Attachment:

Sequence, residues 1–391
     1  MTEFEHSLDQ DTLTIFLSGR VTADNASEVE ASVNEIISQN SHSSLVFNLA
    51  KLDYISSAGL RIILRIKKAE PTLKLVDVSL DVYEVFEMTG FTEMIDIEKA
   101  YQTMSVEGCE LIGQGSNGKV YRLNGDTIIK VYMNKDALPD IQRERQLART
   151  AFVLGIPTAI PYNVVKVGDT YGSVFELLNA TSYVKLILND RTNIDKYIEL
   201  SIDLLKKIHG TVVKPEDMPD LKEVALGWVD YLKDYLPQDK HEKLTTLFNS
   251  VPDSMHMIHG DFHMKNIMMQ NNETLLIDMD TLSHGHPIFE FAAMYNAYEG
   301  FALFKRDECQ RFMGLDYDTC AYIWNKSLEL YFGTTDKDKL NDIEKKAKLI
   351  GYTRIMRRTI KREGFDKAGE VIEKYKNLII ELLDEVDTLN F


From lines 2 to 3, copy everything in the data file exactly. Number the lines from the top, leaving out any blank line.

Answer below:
     1  MTEFEHSLDQ DTLTIFLSGR VTADNASEVE ASVNEIISQN SHSSLVFNLA
    51  KLDYISSAGL RIILRIKKAE PTLKLVDVSL DVYEVFEMTG FTEMIDIEKA